The pathway to carbon neutrality is the same regardless of industry or size. Of course, there are many particularities for each organization. For example, we’ve started by focusing on industries with large scope 1, direct emissions from facilities they own where changing internal mitigation operations have a big impact. For companies like Amazon, where most of their emissions are scope 2 or 3 and emitted through consumers and partners, they’ll need to rely more on external engagement of their stakeholders in assigning targets toward a common pathway.

I think it’s great that these companies are setting a target to work toward and actually start moving the pieces inside their organizations to achieve them. But, of course, carbon zero is a really bold thing to commit to. These companies will ultimately have to dig deep into the details of their businesses, invest money and time, and establish a system of management and scenario modeling.

SINAI clearly meets an unmet need. What do you think is your biggest value add?

Our biggest value add is human leverage. The issue is that today humans are spending time on the wrong things like data gathering, accuracy, and processing. By shifting those manual tasks to software, we free up time and labor that can be spent innovating. The job that people do best is thinking creatively about solutions, sourcing new opportunities, and identifying influence points. The job that our software does best is acting as the analytics, and business intelligence data dashboard.

To learn more about SINAI Technologies, check out their website and newsletter. They are expanding their team and currently hiring for a Product Designer and Full stack Software Engineer.

Continue reading the full interview below.

Read the full interview

In the News

IEA: The energy watchdog has put together a Clean Energy Technology Guide with an interactive framework for over 400 individual decarbonization technologies across Energy transformation, Transport, Industry, Buildings, and CO2 infrastructure. Each technology lists the readiness level, step in the value chain, importance for net-zero emissions, and examples of key projects. (Scroll to the bottom of the web page for the Guide).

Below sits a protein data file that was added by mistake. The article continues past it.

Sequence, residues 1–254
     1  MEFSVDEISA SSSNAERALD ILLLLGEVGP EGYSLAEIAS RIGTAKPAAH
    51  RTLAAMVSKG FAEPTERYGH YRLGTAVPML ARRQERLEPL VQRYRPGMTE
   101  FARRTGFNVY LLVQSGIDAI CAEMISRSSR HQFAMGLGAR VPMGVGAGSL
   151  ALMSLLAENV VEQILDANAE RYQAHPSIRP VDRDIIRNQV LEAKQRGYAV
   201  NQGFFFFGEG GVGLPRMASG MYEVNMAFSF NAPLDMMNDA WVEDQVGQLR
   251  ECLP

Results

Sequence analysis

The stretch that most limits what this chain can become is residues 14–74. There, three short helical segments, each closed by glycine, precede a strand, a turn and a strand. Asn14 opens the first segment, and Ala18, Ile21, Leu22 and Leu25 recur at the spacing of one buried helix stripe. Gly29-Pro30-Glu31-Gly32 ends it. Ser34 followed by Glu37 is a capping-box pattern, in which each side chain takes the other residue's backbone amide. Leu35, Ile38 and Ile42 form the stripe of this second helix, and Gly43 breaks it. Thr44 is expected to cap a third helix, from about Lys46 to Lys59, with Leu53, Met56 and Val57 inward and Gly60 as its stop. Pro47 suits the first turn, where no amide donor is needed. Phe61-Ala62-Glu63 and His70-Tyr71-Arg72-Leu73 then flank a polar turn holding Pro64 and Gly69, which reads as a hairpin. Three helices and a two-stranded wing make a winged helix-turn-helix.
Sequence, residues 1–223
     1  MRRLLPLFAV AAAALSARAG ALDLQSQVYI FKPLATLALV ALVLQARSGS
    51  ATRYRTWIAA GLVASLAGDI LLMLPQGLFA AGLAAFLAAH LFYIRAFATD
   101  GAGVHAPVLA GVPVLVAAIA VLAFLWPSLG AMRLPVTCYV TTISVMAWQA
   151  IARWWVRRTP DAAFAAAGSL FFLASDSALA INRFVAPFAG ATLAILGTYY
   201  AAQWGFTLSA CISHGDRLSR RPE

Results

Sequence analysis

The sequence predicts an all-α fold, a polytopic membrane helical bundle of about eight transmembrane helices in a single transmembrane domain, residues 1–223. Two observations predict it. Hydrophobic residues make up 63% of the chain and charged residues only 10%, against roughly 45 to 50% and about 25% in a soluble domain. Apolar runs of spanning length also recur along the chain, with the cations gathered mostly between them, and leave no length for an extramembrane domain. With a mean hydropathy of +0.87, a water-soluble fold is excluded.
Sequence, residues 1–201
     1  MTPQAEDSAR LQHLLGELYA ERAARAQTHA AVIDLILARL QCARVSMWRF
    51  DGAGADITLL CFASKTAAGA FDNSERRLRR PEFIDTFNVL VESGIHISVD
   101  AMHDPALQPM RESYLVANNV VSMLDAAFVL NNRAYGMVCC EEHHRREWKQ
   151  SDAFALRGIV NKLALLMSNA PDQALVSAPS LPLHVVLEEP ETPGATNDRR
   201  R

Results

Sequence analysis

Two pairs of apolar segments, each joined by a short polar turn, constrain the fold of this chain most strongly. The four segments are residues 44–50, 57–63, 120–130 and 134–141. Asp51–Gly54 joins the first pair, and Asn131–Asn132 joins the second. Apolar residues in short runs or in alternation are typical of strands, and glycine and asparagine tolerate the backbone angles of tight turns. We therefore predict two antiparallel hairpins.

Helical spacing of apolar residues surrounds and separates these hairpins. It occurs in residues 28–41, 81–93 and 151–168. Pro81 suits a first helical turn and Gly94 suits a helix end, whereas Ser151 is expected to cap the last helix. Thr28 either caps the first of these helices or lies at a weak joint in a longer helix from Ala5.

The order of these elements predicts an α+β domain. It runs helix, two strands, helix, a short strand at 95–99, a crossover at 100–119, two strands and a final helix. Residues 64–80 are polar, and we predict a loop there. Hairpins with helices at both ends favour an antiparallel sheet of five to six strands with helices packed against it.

Bloomberg: Following in BP’s wake, Shell is now writing down $22bn of asset value brought on by the uncertainty of oil demand from the pandemic. These asset write downs are indicative of the vulnerability that fossil fuel companies now face in a period of peak demand and external shocks like pandemics and climate change. BP and Shell are both gradually shifting their business to cleaner fuels, committing to net zero emissions by 2050. BP has begun shedding its emissions-intensive businesses by selling its petrochemical business for $5bn this week.

NYTimes: California has announced a landmark rule requiring more than half of trucks sold to be zero-emission by 2035 and all by 2045. We dived into the electric trucking landscape in a previous issue here.

Forbes: Tesla became the world’s most valuable car maker this week, overtaking Toyota for the top spot and raising its market cap to $207bn. The news came a few days after Tesla passed Exxon in market value, and as investors gear up for a fourth profitable quarter, which would make the automaker eligible for inclusion in the S&P 500 index.

WaterWorld: Xylem, a provider of technological solutions that address the water industry’s most persistent challenges, has announced the close of a $1bn green bond offering. The proceeds will fund green projects that help improve water accessibility, water affordability, and water systems resilience.


MIT Technology Review: A deep dive into why venture capital doesn’t build the things we really need. Interestingly, an MIT prof. listed 3 climate-relevant technologies “synthetic biology, hydrogen power, and ocean exploration” as the innovations the US has given away because it didn’t have the infrastructure to bring them to market.

ZenWTR: A new beverage brand makes its plastic bottles from 100% ocean-rescued plastic. You can buy a bottle at Whole Foods.

OurCrowd: This platform provides an opportunity to invest in food-tech startups beginning at $10k, a significantly smaller starting price than for institutional investors.

Opportunities & Events:

[Opportunity] The California Energy Commission announced two clean energy grants: Bringing Rapid Innovation Development to Green Energyand Realizing Accelerated Manufacturing Production.

[Event] MIT “Scaling up low-carbon energy”:Tune into the last of MIT’s special webinar series with energy researchers and experts on July 7 at 10 a.m. ET.

[Event] Sustainability Through Innovation: Tune in on July 8 from 7:30-8:30 a.m. PT to hear from Johnson Matthey’s Sustainability Director and find out how they are contributing to the UN’s sustainability goals.

[Event] Founder Speaker Series: Mike Phillips, the CEO and Co-Founder of Greentown Labs alumni company Sense, will be interviewed by the Director of Programs at Greentown Labs. Listen on July 10 from 9-10 a.m. PT.


Feel free to send us new ideas, recent fundings, or general curiosities. Have a great week ahead!